Beneath the headlines, what’s most interesting about Canada’s recommendations is that they push for an entirely different approach to how much alcohol is okay. For years, the idea has been that a certain amount of alcohol (i.e., 15 drinks a week in Canada for a man) is acceptable. To be fair, official guidance has always said less is better: but by and large the figures have been interpreted as a simple clear line between good (15 drinks) and evil (16 drinks).
The new guidelines want to encourage a complete cultural shift in how we think of alcohol: away from the idea of an ‘acceptable’ level of consumption to a sliding scale where less is always better.
Canada's new guidelines are out of line with those of other nations such as the US and UK and - as outlined above - the idea of moderation is much more attractive than abstaining.
But, having grabbed headlines worldwide, it will be interesting to see if Canada's guidelines do signal the start of new approach to alcohol - and a new, larger and broader wave of enthusiasm for low and no alcohol products.
My Drynuary: What we learned from entrepreneurs in alcohol-free
Want more insights into the low/no alcohol market? BeverageDaily's 'My Drynuary' series talked to some of the movers and shakers in the industry...
> David Fudge, co-founder and CEO of US non-alcoholic spirit brand Aplós, explains why he thinks functional ingredients are the key to reshaping the drinks category.
> Joelle Drummond, Co-Founder and Director of Sales and Marketing at Welsh brewery Drop Bear Beer, tells us about plans for expansion.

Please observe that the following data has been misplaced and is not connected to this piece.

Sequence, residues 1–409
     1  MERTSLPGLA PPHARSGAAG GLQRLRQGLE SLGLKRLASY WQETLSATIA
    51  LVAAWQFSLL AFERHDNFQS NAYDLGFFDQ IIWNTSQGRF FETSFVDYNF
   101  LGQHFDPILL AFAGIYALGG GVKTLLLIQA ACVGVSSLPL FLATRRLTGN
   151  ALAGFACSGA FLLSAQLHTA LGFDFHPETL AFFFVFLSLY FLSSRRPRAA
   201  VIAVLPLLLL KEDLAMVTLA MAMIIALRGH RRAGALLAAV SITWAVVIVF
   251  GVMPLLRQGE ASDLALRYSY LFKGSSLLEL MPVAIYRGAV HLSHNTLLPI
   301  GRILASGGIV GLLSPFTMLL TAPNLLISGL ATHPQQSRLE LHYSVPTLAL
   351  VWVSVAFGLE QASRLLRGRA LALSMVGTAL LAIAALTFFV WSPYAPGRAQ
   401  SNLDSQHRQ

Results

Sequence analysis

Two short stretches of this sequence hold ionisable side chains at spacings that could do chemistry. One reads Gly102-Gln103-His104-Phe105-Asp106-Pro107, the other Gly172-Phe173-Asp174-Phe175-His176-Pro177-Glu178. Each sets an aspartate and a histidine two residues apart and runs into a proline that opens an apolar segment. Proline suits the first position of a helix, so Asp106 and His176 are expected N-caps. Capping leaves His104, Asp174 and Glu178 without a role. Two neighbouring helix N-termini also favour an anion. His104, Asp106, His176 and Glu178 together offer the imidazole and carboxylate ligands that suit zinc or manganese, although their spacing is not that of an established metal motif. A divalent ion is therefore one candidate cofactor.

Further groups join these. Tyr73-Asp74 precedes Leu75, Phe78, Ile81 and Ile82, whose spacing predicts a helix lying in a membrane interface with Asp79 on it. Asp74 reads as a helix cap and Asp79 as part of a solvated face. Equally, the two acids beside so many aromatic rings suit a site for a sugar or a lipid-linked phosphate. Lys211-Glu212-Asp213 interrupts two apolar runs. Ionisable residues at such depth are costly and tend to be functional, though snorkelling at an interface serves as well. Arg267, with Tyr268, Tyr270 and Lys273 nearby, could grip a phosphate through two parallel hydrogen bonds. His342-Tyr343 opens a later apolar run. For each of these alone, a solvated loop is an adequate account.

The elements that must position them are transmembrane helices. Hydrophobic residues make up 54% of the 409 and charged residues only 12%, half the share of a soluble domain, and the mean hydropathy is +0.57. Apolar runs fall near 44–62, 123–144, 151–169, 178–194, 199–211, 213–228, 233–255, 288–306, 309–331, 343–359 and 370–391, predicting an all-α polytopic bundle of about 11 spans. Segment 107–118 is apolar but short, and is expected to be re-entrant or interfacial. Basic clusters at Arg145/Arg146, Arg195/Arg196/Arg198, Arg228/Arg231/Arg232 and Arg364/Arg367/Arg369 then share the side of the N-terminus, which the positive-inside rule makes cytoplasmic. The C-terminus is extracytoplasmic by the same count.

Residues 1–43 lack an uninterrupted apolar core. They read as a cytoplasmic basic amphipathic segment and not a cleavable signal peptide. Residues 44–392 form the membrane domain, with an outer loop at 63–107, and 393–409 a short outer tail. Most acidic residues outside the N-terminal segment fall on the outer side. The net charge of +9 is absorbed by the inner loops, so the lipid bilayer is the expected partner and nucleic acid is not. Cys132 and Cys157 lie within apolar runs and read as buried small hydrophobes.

> Mark Wong, founder of UK functional non-alcoholic beer start-up Impossibrew, looks at the parallels between the alcohol alternative category and the meat alternative movement
> Steve Abrams, from non-alcoholic beer brand Harmon’s, tells us about the Canadian market.
> Mark Livings, CEO of Lyre’s, shares his secrets for global success.
> California entrepreneurs Jordan Bass and Nick Taranto talk to us about their experience in founding and growing HOP WTR: an alcohol-free sparkling hop water with nootropics.
> System’s co-founders Anthony Spina and Matt Sievers explain why they think the category lines between alcoholic and non-alcoholic beverages are blurring like never before.
> Marcus Sakey, founding partner and chief brand officer of Ritual Zero Proof, tells us about his non-alcoholic spirit alternative.
> Matthew Jukes of Jukes Cordialities explores the alcohol-free wine alternative industry.
> Paul Holle, head brewer and owner of Idaho’s Sawtooth Brewery, shares how the brewery has expanded into non-alcoholic options.
> Marie Fukuura, Future Growth Director, Budweiser Brewing Group UK&I, tells us why the AB InBev company is increasing its efforts in low and no alcohol.
> Everleaf’s commercial director Daniel I'Anson tells us about the importance of the on-trade
> Kristina Roth of US soft seltzer and non-alcoholic spirit brand Mixoloshe tells us what’s inspiring about the category
> Vanessa Royle and Mariah Wood share how they are debuting their new non-alcoholic RTD cocktail brand Tilden in the US.
> Amanda Thomson explains how she went from arts broadcaster to the alcohol-free wine innovator behind Noughty
> Howard Davies, co-founder and director of UK’s Salcombe Distilling Company and alcohol-free drink New London Light, tells us what's coming up for the company in 2023.
> Rose Bax, co-founder of Bax Botanics, explains how the brand is drawing on botanicals for complex and layered flavors.
> Big Drop Brewing tells us how the alcohol-free beer category has evolved since it was founded in 2016
> Laura Willoughby of Club Soda shares the big opportunities and challenges for alcohol-free in 2023